The classic teaching is that the pain of dissection is described as “tearing,” but that’s only present in 50.6% of cases. In fact, more patients presented with “sharp” pain (64.4%). More useful, instead, is a history of pain that was sudden (84.8%) and severe (90.6%) in origin.
In fact, I actually like to think of aortic dissection as a lot like subarachnoid hemorrhage. They both initiate with sudden and severe pain (maybe maximal at onset?), often with atypical presentations, and both are diagnoses that significantly benefit from early identification and treatment. Also, in my limited experience (maybe two or three cases of each), they are both also very easy to dismiss as “malingering” or “over-dramatic” presentations as a slightly uncooperative patient moves around on the gurney, unable to get comfortable. That is, until you see the CT results and very quickly reverse your opinion.
The “Chest Pain and…” Syndrome
As mentioned in the title, one of the most important points of this discussion is that you should consider the diagnosis of dissection in any patient complaining of chest (72.7%) and/or back (53.2) pain AND something else. What can that something else be?
Abdominal pain (29.6% reported any) – also a possibility on its own.
Arm or leg pain.
Focal neurological findings – any stroke-like presentations (4.7% presented as cerebrovascular accidents), including arm, leg, or facial paresthesia, weakness, or paralysis.
Altered mental status.
Or pretty much anything else that strikes you as weird and not typically related to the chest and back pain we encounter.
Why This Myriad of Presentations?
Consider for a moment what this giant artery connects to: everything! If you tear apart the layers of your aorta, you can also block blood-flow through any of the arteries coming from it.
Disrupt flow through a renal artery, and that kidney is going to die.
Dissect into an iliac and the patient may experience leg pain, weakness, or hypo-perfusion.
Same goes for the bracheocephalic or left subclavian arteries, affecting the arms.
Hit those same arteries, and it can in-turn block a carotid, causing the patient to present like a stroke.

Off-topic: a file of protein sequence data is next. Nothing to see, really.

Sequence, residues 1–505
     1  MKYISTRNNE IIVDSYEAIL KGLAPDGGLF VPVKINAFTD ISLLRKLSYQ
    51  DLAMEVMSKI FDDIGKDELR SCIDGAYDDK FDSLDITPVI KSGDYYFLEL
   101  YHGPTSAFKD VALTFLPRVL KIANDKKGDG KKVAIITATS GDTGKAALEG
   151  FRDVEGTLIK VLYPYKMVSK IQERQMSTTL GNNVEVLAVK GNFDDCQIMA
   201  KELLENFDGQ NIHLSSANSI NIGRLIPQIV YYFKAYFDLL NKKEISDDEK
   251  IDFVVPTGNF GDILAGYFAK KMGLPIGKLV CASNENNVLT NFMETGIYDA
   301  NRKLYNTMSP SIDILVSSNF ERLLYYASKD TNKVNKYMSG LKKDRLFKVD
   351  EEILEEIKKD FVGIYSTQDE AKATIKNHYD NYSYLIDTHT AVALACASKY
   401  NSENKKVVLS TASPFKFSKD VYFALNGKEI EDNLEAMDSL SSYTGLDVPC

Cut off flow to part of the spinal cord, and you’re going to see weakness, paresthesia, or paralysis affecting the downstream extremities.
Hit a mesenteric (gut) artery, and the patient will experience severe, unremitting abdominal pain, and eventually dead bowel.
Dissect back into the pericardium, and it’s going to fill with blood and lead to tamponade, with signs of obstructive shock.
Here’s a SCARY – but rare – one: hit a coronary artery, usually the RCA, and you’re going to see a STEMI on the ECG (3.2%). So, in that case, you’ll have a patient who presents with chest pain and an acute MI, maybe even in CHF (6.6%), but their underlying problem is actually an aortic dissection. Give them heparin or lytics and that’s what Dr. Amal Mattu likes to call a “clean kill.” I like to call it an impossible diagnosis.
So How Do You Die from Dissection?
The quickest way is through aortic rupture, which carries a 50% prehospital and 80% overall mortality.
As mentioned earlier, you can also dissect back into the pericardium, fill it with blood, and die from tamponade.
Or, from that last scenario, there’s also a small chance you can block one or more coronary arteries, and perish from a heart attack and sudden cardiac arrest.
Severe aortic insufficiency from poor flow through the aorta, along with an incompetent aortic valve, can also lead to poor perfusion and death.
Then there’s slower routes, like infarcting a kidney, some gut, or your brain, and passing away from the sequelae that those conditions bring.
How Does Blood Pressure Fit Into the Patient Assessment?
Chronic hypertension is a well-known risk factor for developing a dissection, but what does it mean if the patient in front of you is hyper- or normo-tensive?